But I'd recommend staying a while in East Sussex and exploring its beautiful countryside, quaint villages and rich historical offerings.  Of these I'd highly recommend a visit to the Charleston Farmhouse, located less than four miles from Glyne.  Set in the heart of the glorious Sussex downs, the Charleston Farmhouse was the country home of painters Vanessa Bell and Duncan Grant from 1916. 

Their names may not be all that familiar to those born much later in that century, but some of their family and friends most certainly will be: Vanessa's sister was the writer Virginia Woolf, and other family members and friends who came to stay included writers Lytton Strachey and E.M. Forster, the economist Maynard Keynes and the art critic Roger Fry. Diaghilev, Picasso and T.S. Eliot were among the many guests here.  Many of these people together became known as the Bloomsbury group, named after the region of London where they lived, wrote and painted.  

But the 'Bloomsburys' were not always in London.  In spite of a lack of creature comforts, ugly wallpaper and an overgrown garden, Vanessa and Duncan fell in love with the Sussex house that was to become Charleston and set about creating what is today the most important remaining example of Bloomsbury decorative style.  Today the house and gardens are open to the public and a visit is highly recommended.  It is a delightful way to spend a few hours, while the journey there will take you through some glorious English countryside.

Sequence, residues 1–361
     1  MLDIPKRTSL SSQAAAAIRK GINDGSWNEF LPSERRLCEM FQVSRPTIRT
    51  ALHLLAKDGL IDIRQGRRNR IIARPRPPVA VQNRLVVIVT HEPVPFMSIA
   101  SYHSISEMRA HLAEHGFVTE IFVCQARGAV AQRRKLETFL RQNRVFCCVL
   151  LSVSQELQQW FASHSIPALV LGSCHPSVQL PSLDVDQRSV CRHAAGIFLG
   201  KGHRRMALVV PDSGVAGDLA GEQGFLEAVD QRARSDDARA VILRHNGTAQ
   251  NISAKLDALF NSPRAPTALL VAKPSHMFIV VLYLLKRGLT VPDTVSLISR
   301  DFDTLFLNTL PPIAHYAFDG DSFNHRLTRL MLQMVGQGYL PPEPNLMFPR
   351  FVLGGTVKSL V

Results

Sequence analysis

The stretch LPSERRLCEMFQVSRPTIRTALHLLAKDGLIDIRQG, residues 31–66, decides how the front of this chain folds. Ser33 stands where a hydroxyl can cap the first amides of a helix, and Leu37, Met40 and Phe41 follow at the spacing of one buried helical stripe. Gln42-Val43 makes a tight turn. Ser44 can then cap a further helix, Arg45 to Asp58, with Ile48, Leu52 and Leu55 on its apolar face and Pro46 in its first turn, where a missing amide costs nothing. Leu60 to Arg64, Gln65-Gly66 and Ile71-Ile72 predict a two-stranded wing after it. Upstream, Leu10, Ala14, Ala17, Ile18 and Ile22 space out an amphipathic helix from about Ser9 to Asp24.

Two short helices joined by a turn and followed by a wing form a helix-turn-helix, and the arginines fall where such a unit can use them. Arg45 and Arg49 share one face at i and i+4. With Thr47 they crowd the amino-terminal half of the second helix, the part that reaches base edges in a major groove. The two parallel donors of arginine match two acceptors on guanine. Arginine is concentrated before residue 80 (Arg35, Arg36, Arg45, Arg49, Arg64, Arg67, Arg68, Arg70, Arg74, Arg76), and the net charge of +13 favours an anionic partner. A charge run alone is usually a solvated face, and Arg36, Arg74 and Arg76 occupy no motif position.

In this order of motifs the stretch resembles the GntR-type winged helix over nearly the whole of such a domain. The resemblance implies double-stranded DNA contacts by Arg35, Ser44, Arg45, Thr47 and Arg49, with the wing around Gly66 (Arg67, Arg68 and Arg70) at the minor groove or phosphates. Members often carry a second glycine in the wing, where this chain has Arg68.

The house is not large and visitors are welcomed in small guided groups.  Lingering in the traditional English cottage garden is much encouraged, where there's a profusion of flowers as well as sculptures, a pretty pond, a vegetable and cut-flower garden and much more to delight.  There's also good food to be had in the Threshing Barn Café and an intriguing shop full of unusual gifts and books.

But what about this house itself?  Most of the fifteen or so rooms bear names such as 'studio', 'study', 'pottery', 'folly'.  The bedrooms carry the regular visitors' names (though it is common knowledge today that this unconventional group did not always remain in the bedroom allocated to them!).  Each room is full of the work of the artists in the group, and I mean 'full'.  They decorated the fireplaces, painted the walls, designed the upholstery fabric, sewed the drapes, stitched the needlepoint, crafted the pots and vases, painted the junk-shop furniture, stencilled the doors, filled the bookshelves and, of course, painted many of the pictures on the walls.  

There is a Canadian connection with a French painting that no longer hangs in Charleston.  It was/is a Poussin, bought in Paris after the First World War for around $100 by Duncan Grant who did not realize its worth.  (Nor, obviously, did the seller!) Grant eventually sold the painting to someone who did recognize its worth - Anthony Blunt, the eminent art historian (eventually 'outed' as a Soviet spy, though that's another story!).  Blunt, much to Grant's chagrin, eventually sold the painting for a far larger sum, the buyer on this occasion being the National Gallery of Montreal.

And that's not the only Canadian connection at Charleston.  In the gift shop you will find a handsome cookery book by Jan Ondaatji Rolls entitled The Bloomsbury Cookbook: Recipes for Life, Love and Art.  This volume not only shares recipes enjoyed by the residents of Charleston, but gives glimpses of the house and its art.  Proceeds go to help support the Charleston Trust ... and Jan Ondaatji Rolls was Toronto born.


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Ann Wallace

Ann Wallace is living a writer's dream currently writing of her adventures as she and her husband sail their boat around Europe.